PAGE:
WASHINGTON -- Leaders of the American Psychological Association secretly collaborated with officials at the Pentagon and CIA to weaken the association's ethical guidelines and allow psychologists to take part in coercive interrogation programs after the Sept. 11, 2001, attacks, according to a report released Friday.
The CIA and the military both conducted harsh interrogations during the administration of President George W. Bush, although the CIA's program included more brutal tactics. Some of them, like the simulated drowning technique called waterboarding, are now widely regarded as torture.
The agency's interrogations were done at "black site" prisons around the world where prisoners were held secretly for years.
The report contains the findings of an investigation led by a former federal prosecutor. It is the most detailed report to date on the complicity of psychologists in the interrogation programs.
The probe concluded that the American Psychological Association's ethics director and others had "colluded with important [Department of Defense] officials to have APA issue loose, high-level ethical guidelines that did not constrain" the Pentagon in its interrogation of terrorism suspects at Guantanamo Bay, Cuba.
The association's "principal motive in doing so was to align APA and curry favor with DOD."
The investigation also found that "current and former APA officials had substantial interactions with the CIA in the 2001 to 2004 time period" when the agency was using waterboarding and other brutal measures to extract information from detainees.
In particular, a CIA contract psychologist with close ties to the association played a key role in "clearing the way" for a colleague, Jim Mitchell -- widely considered to be one of the architects of the contentious interrogation program -- to continue his involvement in it even after others in the agency had protested that his work was unethical.
The association's ethics office, the report found, "prioritized the protection of psychologists -- even those who might have engaged in unethical behavior -- above the protection of the public."
Two former presidents of the psychological association were members of a CIA advisory committee, the report found. One of them provided the agency with an opinion that sleep deprivation did not constitute torture, and later held a small ownership stake in a consulting company founded by two men who oversaw the agency's interrogation program, it said.
The association's ethics director, Stephen Behnke, coordinated the group's public policy statements on interrogations with a top military psychologist, the report said, and then received a Pentagon contract to help train interrogators while he was still working at the association without the knowledge of the association's board.
An association official said Behnke was removed from his position as a result of the report and signaled that other firings or sanctions could follow. Behnke did not respond to a request for comment.
The 542-page report was commissioned by the psychological association's board of directors last year based on an investigation led by David Hoffman, who served as an assistant U.S. attorney in Chicago from 1998 to 2005.
In a statement Friday, association officials expressed dismay at the report's findings and indicated that the organization plans to adopt sweeping changes that could include banning psychologists from participating in the interrogation of people held in custody by military and intelligence authorities.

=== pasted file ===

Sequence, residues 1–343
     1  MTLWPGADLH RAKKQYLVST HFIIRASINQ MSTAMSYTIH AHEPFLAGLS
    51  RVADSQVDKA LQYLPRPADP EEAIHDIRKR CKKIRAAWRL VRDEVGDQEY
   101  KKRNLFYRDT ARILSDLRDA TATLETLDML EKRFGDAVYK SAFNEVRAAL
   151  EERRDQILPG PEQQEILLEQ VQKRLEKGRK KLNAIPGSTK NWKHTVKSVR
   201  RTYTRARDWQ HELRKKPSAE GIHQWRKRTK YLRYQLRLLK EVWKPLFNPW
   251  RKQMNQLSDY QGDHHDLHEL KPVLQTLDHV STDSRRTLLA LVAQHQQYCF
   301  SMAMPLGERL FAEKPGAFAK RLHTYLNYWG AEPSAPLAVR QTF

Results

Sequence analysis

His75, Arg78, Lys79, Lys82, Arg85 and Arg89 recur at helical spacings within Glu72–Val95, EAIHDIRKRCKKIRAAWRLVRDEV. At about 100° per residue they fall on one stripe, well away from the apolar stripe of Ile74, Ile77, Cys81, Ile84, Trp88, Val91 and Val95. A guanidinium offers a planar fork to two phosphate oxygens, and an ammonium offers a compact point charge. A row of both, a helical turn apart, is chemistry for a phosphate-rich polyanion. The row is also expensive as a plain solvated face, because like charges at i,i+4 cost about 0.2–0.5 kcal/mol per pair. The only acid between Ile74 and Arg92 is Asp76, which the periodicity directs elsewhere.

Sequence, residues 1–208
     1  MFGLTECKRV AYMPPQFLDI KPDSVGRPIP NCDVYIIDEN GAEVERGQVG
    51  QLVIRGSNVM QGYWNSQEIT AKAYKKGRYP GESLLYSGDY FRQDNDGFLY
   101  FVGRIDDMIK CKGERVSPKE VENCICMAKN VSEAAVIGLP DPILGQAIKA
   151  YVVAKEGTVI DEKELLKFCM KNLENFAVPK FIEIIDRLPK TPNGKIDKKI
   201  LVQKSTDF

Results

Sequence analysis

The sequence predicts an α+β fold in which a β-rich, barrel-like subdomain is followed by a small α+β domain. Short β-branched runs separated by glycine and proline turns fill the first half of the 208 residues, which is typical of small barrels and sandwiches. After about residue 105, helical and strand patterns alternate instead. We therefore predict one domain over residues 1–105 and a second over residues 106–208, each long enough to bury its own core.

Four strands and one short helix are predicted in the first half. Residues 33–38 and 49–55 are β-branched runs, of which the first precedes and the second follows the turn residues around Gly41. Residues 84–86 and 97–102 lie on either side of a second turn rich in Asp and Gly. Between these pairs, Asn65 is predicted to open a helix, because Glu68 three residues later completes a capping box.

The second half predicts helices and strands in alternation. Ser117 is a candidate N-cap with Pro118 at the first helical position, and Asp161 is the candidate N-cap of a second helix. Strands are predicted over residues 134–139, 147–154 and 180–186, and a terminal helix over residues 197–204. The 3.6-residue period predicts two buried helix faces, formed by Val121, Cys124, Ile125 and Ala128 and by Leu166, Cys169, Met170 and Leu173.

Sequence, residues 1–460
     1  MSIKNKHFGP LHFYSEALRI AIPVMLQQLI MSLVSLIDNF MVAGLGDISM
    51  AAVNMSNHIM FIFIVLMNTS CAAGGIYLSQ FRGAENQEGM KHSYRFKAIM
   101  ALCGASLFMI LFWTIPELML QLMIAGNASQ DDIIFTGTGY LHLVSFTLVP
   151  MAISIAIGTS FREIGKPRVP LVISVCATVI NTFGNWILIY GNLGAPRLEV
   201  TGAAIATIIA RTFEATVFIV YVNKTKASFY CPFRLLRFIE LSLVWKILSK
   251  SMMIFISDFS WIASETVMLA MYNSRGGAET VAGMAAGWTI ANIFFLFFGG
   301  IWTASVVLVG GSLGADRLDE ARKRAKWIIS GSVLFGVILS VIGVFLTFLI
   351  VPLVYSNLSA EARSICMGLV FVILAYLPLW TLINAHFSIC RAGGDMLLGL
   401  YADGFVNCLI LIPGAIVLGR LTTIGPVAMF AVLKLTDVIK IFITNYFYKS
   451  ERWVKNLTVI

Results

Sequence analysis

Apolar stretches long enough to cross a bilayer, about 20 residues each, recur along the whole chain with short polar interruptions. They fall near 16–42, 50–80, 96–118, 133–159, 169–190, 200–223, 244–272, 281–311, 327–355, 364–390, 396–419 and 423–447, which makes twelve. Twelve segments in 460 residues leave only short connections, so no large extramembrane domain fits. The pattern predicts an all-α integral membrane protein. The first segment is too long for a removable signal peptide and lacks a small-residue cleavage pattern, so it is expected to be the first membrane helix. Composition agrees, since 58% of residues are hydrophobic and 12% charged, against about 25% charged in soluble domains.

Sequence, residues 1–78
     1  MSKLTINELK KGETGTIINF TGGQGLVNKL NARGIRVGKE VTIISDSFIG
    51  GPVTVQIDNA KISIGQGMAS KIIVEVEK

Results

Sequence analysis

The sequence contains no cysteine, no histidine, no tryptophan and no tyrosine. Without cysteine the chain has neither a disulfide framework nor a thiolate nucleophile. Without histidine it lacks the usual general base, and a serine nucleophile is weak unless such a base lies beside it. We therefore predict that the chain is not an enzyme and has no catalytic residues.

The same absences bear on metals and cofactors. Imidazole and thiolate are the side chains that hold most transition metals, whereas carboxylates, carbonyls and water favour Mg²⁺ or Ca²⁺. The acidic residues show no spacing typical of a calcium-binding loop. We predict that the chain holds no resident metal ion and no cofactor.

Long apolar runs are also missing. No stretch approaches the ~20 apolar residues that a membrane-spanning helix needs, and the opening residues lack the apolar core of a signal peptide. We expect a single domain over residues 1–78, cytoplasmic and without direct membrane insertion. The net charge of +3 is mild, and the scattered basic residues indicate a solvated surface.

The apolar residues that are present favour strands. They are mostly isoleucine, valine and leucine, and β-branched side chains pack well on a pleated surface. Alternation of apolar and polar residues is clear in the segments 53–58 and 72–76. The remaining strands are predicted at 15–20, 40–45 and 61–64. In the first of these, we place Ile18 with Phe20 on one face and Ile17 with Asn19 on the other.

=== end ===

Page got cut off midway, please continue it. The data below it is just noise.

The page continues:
"The Hoffman report contains deeply disturbing findings that reveal previously unknown and troubling instances of collusion," said Susan McDaniel, a member of an association independent review panel evaluating the report.
A second association official, Nadine Kaslow, said that "the actions, policies and the lack of independence from government influence described in the Hoffman report represented a failure to live up to our core values."
The document adds to an expanding list of damning assessments of the interrogation programs, including an exhaustive study issued by the Senate Intelligence Committee last year that accused the CIA of downplaying the brutality of its methods and exaggerating their results.
A Pentagon spokesman said the department was reviewing the report but offered no comment on it.
A CIA spokesman said the agency had not been provided with a copy and therefore could not comment on it. He added that CIA medical personnel are dedicated to "upholding the highest standards of their health profession."
The majority of the report is focused on the association's relationship with the Pentagon and the department's influence on a panel that the association had set up in 2005 to issue guidelines to psychologists after public revelations about the abuse of prisoners at Abu Ghraib prison in Iraq and psychologists' involvement in interrogations.
Behnke and others engaged in "behind-the-scenes coordination" with U.S. Defense officials including Morgan Banks, the chief of psychological operations for the U.S. Army Special Operations Command and the head of the Army's interrogation resistance training program at Fort Bragg.
The collusion was aimed at making sure the new panel adopted recommendations that "fell squarely in line with DOD's goals" and would not prohibit psychologists from continuing their work at Guantanamo Bay.
The report found no evidence "that APA officials actually knew about the existence" of the CIA program, but noted that a longtime agency contractor and psychologist, Mel Gravitz, was enlisted to work with the association's ethics panel.
Information for this article was contributed by Greg Miller and Missy Ryan of The Washington Post and by James Risen of The New York Times.
A Section on 07/11/2015